This is now one of the main concerns of the pro-life movement. The March for Life organized the demonstration in Versailles as close to the palace as the authorities would allow. Several speakers warned that the right to conscientious objection was now under threat and had already been attacked by several left-wing legislators, such as Mathilde Panot, who has previously made clear that she hopes to overthrow doctors’ and health workers’ right not to participate in an abortion. 

Hundreds of pro-lifers joined the demonstration between 3 and 7 p.m. while the parliamentary Congress was held at the palace of Versailles, despite the fact that many could not come because of work schedules, school runs and other obligations on a Monday afternoon. Many Catholic priests, both from the ex-Ecclesia Dei communities and diocesan backgrounds were in the crowd. Notably, there was no watering down of the situation by the many public speakers at the event, who included Nicolas Tardy-Joubert of the March for Life, Jean-Marie Le Mené of the Jérôme-Lejeune Foundation, a doctor who spoke of the difficulties women face when no one is willing to listen to their suffering after an abortion, and a representative of the European Centre for Law and Justice. Here at least, no one called Simone Veil’s abortion law an example to follow, as has been the fashion for some years as the situation gets worse, and all spoke of the right to life from natural conception to natural death.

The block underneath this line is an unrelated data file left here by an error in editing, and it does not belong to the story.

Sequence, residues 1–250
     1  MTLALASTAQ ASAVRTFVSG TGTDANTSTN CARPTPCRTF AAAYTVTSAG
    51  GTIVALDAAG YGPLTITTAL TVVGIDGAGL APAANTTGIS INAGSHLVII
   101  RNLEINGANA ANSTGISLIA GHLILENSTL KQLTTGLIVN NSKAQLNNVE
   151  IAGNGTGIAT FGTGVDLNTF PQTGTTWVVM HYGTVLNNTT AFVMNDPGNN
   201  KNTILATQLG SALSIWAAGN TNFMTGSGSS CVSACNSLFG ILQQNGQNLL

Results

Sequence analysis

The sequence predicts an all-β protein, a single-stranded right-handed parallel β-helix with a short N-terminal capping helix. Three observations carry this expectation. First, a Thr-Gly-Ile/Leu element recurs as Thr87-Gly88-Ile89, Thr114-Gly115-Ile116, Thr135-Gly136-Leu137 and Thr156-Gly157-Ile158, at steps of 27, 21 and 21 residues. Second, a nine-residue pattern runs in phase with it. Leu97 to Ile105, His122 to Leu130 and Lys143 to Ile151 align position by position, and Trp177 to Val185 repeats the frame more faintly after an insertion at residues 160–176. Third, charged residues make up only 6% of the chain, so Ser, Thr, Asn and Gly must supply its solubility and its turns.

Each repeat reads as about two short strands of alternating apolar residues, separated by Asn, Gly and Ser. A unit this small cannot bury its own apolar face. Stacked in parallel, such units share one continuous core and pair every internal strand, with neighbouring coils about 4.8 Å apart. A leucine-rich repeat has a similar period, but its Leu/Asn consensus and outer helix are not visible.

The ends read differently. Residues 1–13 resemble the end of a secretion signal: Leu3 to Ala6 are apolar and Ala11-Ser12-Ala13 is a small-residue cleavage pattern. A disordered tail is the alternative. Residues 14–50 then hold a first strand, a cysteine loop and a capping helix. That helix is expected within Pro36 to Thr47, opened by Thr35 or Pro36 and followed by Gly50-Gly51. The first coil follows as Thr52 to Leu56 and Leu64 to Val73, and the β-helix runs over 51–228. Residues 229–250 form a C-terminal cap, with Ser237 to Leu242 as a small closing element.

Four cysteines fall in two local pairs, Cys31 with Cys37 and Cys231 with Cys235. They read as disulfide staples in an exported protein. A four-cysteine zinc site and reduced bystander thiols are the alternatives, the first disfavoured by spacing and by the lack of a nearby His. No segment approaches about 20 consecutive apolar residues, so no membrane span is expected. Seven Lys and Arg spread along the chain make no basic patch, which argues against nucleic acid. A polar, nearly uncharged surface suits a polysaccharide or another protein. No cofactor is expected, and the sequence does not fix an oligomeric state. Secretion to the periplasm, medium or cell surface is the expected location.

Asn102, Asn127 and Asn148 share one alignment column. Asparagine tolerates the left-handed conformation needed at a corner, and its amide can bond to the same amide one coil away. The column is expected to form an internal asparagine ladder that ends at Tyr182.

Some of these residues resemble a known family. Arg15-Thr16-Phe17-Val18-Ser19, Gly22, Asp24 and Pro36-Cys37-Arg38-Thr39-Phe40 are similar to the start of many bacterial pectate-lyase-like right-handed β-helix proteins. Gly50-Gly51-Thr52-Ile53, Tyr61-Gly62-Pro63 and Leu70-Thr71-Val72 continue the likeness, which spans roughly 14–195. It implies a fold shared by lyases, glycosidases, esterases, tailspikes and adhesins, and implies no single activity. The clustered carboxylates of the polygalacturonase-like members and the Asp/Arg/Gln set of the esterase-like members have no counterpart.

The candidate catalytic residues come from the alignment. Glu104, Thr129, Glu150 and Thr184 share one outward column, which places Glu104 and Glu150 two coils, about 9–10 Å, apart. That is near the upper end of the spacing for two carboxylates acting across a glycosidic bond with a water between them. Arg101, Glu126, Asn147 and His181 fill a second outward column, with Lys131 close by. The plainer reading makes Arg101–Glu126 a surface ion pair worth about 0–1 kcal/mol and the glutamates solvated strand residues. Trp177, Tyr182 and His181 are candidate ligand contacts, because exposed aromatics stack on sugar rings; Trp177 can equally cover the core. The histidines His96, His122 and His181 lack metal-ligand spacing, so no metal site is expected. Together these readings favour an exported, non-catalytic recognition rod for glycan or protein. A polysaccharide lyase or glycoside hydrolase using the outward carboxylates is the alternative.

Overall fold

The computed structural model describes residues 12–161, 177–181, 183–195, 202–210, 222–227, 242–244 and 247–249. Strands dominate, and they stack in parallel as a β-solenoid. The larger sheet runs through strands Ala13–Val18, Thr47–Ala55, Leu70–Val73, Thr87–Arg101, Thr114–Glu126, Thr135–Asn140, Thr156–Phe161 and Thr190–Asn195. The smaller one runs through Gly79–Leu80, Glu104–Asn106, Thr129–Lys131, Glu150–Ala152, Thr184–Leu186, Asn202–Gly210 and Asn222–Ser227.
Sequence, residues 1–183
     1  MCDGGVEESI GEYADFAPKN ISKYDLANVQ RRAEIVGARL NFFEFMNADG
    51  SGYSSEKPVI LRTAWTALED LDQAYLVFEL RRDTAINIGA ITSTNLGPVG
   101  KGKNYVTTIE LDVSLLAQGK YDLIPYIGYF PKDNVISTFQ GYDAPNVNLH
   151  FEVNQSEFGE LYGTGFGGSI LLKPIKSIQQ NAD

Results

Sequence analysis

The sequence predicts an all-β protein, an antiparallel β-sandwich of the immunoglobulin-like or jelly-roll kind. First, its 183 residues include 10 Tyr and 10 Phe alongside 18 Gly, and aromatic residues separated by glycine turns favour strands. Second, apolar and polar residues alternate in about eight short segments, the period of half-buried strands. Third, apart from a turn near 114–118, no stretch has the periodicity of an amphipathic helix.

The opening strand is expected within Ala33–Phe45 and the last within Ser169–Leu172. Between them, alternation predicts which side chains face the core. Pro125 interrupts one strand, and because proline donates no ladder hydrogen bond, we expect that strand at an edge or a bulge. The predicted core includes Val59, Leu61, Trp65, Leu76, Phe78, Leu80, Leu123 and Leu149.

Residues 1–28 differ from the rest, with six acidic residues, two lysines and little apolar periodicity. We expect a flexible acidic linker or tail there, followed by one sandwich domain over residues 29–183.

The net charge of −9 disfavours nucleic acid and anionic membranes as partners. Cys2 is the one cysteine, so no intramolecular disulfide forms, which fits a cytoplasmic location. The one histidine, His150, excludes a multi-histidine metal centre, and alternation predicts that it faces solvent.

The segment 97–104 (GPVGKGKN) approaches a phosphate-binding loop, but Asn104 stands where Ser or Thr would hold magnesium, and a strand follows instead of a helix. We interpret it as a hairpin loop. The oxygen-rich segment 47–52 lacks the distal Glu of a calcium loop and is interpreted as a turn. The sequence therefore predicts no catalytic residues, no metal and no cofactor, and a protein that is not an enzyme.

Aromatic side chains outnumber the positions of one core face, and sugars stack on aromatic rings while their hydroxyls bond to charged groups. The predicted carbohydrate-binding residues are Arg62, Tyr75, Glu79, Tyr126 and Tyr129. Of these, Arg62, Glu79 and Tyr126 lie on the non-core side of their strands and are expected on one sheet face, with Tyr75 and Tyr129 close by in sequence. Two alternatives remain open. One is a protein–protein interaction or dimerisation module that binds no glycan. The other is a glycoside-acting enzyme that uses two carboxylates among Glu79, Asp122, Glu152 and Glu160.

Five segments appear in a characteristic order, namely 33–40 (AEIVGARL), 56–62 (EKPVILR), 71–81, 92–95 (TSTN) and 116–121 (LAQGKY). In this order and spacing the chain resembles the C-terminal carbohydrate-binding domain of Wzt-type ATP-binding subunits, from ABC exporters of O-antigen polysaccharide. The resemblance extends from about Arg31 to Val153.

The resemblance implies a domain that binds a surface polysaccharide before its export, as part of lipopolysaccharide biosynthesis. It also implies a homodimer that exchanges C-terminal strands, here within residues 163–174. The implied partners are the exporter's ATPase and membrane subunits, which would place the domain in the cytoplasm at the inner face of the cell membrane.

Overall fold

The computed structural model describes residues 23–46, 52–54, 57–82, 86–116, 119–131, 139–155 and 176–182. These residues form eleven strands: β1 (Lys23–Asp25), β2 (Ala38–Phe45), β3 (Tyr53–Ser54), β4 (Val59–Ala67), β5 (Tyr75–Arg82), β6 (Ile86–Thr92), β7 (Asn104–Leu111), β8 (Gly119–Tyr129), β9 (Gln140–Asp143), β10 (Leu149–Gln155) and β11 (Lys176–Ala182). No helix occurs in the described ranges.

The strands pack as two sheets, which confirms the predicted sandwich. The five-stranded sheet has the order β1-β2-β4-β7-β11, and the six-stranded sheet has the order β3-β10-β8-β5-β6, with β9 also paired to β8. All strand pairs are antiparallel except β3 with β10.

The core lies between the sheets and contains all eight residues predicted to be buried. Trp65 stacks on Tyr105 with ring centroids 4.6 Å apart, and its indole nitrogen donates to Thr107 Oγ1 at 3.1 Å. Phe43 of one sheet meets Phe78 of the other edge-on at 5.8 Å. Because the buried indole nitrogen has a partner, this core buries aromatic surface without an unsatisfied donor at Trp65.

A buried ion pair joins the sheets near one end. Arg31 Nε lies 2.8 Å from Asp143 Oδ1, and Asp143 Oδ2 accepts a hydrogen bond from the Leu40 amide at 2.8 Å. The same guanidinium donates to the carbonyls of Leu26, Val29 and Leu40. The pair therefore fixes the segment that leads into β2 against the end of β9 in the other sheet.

Representing the traditional “Renaissance catholique” movement, Jean-Pierre Maugendre gave a strongly worded speech, saying: “Tomorrow, our descendants will look back on this reality with the same incredulous disbelief as we look back on the trivialization of slavery in our countries from the 16th to the 19th century. Yesterday, people unanimously considered human, because they could be baptized, were enslaved. Today, a 14-week-old embryo that nobody disputes is a baby – as all modern genetics confirm – can be killed by its mother, without the father even having a say in the matter.”

Speaking of “an appalling and widespread numbing of conscience,” Maugendre said: “‘Woe betide the city whose Prince is a child,’ Scripture tells us, and all the more so if he is capricious and narcissistic,” obviously designating those who today head the French state: a childless man married to a woman many years older than himself and a homosexual Prime Minister aged little over 30.”